Name: Shawn Cheshire, Camillus, N.Y.
Event: Birkie Skate, 4:40
Birkies skied by blind women before Shawn: 0
Number of falls: 0
Number of falls by guide Jesse Crandall: 1
Skis provided by: Madshus
On February 23, 2013 I skied in my very first American Birkebeiner Race in Wisconsin. Unless you are an avid cross country skier, you might not know exactly the significance of this feat. This race is the largest cross country race in North America and the distance is 50K. Thousands of skiers come from far away places to participate along with the locals who take much pride in celebrating this beloved sport through the entire weekend.
Considering that I have only been skiing since the end of November (just 4 months ago), it is safe to say that the challenges of this race were many.
I am a blind skier. I lost my vision about 9 months ago due to a traumatic brain injury. I ski with my guide Jesse Crandall. Talk about selfless giving. Our relationship has been built on the foundation of trust. Complete and absolute trust. And because of this solid bond that we have, we successfully defeated every challenge that this race presented to us. Well, the microphone and music came in handy too!
Yes. Swarming around in my mind was the overwhelming presence of fear and anxiety. However, knowing without a doubt in my mind that Jesse would do everything in his power to keep me safe, I calmly faced the fear and anxiety head-on. Finding ultimate peace in knowing that I was not doing this alone. I was calm and encouraged.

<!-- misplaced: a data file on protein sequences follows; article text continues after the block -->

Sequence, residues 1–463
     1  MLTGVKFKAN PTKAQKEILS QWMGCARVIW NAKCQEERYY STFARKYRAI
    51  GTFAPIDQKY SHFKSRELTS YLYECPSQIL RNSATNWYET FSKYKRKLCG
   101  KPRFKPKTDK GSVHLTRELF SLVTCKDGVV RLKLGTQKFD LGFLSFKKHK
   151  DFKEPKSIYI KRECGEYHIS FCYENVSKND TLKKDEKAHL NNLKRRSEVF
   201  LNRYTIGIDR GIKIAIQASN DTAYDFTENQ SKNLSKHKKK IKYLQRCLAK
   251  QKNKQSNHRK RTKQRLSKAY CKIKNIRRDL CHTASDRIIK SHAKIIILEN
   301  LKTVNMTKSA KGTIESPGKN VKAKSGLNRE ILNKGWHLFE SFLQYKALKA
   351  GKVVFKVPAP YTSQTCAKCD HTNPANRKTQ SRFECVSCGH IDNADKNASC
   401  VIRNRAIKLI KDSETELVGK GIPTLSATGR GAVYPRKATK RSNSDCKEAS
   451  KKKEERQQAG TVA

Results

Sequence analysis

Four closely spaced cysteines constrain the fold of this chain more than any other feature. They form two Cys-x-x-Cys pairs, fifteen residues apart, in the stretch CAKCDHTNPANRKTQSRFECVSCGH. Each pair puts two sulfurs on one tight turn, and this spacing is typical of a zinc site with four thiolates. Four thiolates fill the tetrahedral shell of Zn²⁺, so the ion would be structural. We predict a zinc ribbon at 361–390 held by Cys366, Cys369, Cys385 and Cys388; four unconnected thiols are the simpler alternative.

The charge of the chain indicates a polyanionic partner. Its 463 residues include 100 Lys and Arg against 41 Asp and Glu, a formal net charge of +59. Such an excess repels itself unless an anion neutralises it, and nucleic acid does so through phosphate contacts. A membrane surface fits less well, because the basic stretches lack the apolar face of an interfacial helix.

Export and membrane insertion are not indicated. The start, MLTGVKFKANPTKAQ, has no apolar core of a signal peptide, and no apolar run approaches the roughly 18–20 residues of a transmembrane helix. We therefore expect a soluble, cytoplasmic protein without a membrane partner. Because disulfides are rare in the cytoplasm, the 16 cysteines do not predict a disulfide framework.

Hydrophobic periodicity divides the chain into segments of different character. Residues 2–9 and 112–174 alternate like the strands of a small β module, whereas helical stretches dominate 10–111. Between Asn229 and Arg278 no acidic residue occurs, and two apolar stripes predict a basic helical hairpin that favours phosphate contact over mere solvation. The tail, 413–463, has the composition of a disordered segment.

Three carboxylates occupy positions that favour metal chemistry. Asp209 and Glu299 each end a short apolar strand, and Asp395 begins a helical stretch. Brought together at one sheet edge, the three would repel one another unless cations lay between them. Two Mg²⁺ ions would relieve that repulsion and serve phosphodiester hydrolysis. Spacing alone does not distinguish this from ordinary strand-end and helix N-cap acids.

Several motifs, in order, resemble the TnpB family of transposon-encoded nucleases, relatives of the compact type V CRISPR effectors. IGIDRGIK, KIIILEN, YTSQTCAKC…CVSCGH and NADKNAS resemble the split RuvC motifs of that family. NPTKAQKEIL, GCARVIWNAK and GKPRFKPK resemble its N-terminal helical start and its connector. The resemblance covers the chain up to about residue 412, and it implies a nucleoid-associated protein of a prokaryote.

On race day, the mass of people surrounding us was like being in a swarm of a thousand busy bees. It was more important than ever to really focus on the calmness in Jesse’s voice. To not let every moving person and all the noise around me cause extreme fear. Every step of the way, he explained to me what we were doing, where we were walking to and what was going on around us. And even though I was shaking from the overwhelming urge to find a quiet, calm place to breathe, I just focused on Jesse.
I was so excited to ski this race. So very thrilled to be experiencing another FIRST. And extremely encouraged that my guide and coach believes in me and my capability to take on a feat such as the Birkie.
The only descriptions that I can give you about the start area are these: Noisy, people everywhere, voices everywhere, loud intercom, music playing, snow under my feet, excitement in the air.
The scariest part of the race was the start. (Nope. Not afraid of the downhills) The question of “What If the people around me don’t realize I can’t see and run over me?” played non stop in my head. Deep breath Shawn. Just follow Jesse. And that’s just what I did. He uses a microphone and music to give me noise to follow and verbalizes directions and details when needed. As we made our way through the crowd and onto the course, my legs stopped shaking, I turned my face into the wind and smiled to myself. I was doing something that I truly love to do. Skiing. And I was with the best guide I could ever be blessed with. Let’s have some fun!
If someone were to ask me what aspects of this race really impacted me, this would be my response:
The quality and the quantity of volunteers that helped us get the food and drink we needed throughout race and assisted in directing us where we needed to go, were absolutely amazing. The crowds of supporters along the course urging us along were incredibly brave to be in the midst of so many skiers at one time. (of course, this is the perspective of a blind girl). The energy of the skiers around us felt like the force of a thousand trains, all powering to their destination and sharing encouragement along their way. And in the midst of all the noise, the challenges of this complicated course and my internalized fears was Jesse, guiding me to yet another victory of accomplishment. He never gave up on me or doubted my capability. Therefore, I skied the entire race not doubting myself for even a second.